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Bolshoi's Corsaire...and where's "Ali"...?

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I was recently watching this clip of Osipova and Vasiliev in the Bolshoi's Corsaire, and was very surprised to notice that the role of the slave-(or Ali during Soviet times)-is gone, at least from this particular clip. Does anybody knows if they suppressed it all together..? I know that this secondary role in the Pas de Trois was very enhanced by Chabukiani, even gaining a name, and eventually took over the whole Pas, suppressing Conrad thanks to Nureyev and his contemporaries, but now that companies like ABT are back to the original trio scheme, I find surprising that he's completely gone, and the variation is danced instead by Conrad-(for what I know, Gerdt was too old to carry it on...right...?).

Can someone shred some light on the subject...?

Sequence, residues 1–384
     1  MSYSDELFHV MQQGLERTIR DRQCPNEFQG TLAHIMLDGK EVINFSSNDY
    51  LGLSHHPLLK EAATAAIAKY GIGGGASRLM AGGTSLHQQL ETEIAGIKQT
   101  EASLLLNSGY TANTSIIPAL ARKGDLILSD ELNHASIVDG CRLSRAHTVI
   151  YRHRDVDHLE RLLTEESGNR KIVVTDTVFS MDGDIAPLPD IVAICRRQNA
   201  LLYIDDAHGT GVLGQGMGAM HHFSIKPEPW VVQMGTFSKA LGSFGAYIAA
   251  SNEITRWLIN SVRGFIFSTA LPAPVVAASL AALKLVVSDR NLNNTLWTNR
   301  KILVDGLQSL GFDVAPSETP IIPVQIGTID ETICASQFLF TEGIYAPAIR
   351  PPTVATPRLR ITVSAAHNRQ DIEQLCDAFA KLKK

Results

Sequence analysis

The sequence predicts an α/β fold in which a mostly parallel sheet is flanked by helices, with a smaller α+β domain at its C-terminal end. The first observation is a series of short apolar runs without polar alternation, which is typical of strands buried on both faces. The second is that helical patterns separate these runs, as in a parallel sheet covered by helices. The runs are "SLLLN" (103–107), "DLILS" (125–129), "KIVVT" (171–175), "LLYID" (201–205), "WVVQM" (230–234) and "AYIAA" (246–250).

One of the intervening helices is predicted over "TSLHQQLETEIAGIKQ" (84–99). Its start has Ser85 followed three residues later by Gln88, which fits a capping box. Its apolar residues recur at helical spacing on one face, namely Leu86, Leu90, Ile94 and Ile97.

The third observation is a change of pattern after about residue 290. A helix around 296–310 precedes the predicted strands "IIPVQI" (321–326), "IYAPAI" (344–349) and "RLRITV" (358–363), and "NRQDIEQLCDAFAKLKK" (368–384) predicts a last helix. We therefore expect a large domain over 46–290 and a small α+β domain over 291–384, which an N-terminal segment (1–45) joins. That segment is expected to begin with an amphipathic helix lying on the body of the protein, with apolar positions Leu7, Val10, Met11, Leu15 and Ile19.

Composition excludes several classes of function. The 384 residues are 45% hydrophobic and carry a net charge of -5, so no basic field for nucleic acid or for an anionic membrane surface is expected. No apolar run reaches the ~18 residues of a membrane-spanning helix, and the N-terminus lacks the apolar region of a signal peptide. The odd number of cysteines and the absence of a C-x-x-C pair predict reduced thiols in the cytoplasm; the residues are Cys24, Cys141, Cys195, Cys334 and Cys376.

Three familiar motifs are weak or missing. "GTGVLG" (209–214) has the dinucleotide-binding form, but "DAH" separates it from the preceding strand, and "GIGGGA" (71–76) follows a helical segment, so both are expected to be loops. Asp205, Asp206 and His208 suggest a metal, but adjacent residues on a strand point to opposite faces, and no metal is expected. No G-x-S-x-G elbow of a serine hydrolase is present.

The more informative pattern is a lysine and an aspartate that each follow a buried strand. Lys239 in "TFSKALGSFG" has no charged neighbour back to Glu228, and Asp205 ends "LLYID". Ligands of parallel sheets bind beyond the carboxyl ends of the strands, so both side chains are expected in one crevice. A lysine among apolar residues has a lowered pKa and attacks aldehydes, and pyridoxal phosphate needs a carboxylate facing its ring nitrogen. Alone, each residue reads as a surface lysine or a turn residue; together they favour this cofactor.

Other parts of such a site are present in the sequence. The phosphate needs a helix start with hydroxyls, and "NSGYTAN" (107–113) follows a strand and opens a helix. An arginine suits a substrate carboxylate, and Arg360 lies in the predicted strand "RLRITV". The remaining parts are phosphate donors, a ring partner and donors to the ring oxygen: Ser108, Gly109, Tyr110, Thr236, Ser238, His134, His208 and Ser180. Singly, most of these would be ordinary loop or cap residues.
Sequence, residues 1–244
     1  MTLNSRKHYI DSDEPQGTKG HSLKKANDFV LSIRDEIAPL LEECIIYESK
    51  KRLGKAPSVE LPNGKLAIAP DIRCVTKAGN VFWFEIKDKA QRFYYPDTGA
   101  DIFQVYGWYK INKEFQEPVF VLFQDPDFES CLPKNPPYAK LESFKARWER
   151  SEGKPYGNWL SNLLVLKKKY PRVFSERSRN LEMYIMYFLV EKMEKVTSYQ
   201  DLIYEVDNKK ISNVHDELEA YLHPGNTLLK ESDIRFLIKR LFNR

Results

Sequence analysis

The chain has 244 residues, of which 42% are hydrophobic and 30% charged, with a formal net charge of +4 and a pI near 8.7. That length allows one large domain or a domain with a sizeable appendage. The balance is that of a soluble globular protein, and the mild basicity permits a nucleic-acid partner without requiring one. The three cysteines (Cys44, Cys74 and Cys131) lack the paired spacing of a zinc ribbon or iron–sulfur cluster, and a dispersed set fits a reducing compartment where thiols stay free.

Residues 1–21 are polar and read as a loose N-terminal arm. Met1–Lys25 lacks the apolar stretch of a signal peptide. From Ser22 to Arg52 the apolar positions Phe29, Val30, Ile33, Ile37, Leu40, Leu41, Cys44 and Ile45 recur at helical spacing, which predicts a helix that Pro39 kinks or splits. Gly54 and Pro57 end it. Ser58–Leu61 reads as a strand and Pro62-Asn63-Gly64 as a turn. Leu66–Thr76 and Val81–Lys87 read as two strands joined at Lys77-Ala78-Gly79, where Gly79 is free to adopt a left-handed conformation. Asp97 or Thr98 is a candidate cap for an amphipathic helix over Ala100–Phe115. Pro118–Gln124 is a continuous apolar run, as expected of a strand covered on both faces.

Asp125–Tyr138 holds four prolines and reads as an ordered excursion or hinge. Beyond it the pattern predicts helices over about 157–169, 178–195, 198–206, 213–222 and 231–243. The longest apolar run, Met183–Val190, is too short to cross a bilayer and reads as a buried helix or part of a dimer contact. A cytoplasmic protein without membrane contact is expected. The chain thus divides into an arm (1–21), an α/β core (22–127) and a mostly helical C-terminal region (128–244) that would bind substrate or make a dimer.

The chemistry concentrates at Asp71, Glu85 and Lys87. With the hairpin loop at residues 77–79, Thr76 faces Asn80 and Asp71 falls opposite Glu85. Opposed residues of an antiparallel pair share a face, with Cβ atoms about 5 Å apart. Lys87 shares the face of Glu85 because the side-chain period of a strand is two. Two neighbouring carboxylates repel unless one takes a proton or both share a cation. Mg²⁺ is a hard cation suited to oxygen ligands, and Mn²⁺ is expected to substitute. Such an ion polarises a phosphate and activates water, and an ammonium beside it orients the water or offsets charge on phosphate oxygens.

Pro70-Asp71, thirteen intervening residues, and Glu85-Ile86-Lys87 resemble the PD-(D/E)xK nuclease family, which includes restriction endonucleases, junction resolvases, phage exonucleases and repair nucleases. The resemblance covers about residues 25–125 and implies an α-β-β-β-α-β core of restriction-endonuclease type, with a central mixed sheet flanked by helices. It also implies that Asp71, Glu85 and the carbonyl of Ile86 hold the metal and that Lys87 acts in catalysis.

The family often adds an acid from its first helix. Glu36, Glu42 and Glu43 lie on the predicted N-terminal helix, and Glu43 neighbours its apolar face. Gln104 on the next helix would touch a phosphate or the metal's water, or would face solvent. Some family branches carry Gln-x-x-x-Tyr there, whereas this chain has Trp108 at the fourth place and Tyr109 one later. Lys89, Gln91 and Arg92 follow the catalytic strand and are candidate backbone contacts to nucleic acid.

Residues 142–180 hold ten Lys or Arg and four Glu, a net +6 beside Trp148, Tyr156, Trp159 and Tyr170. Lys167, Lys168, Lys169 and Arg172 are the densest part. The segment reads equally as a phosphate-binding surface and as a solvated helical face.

Thanks in advance!

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I was recently watching this clip of Osipova and Vasiliev in the Bolshoi's Corsaire, and was very surprised to notice that the role of the slave-(or Ali during Soviet times)-is gone, at least from this particular clip. Does anybody knows if they suppressed it all together..? I know that this secondary role in the Pas de Trois was very enhanced by Chabukiani, even gaining a name, and eventually took over the whole Pas, suppressing Conrad thanks to Nureyev and his contemporaries, but now that companies like ABT are back to the original trio scheme, I find surprising that he's completely gone, and the variation is danced instead by Conrad-(for what I know, Gerdt was too old to carry it on...right...?).

Can someone shred some light on the subject...?

Thanks in advance!

Yes my dear, Ali the slave is gone altogether from the Bolshoi production because he wasn't in the original version of Le Corsaire by Joseph Mazilier or in any of Petipa's revivals - he's just another Soviet-era addition and if I'm honest, one I don't particularly like because I find his presence in the full-length ballet very annoying, very distracting and altogether downright unnecessary!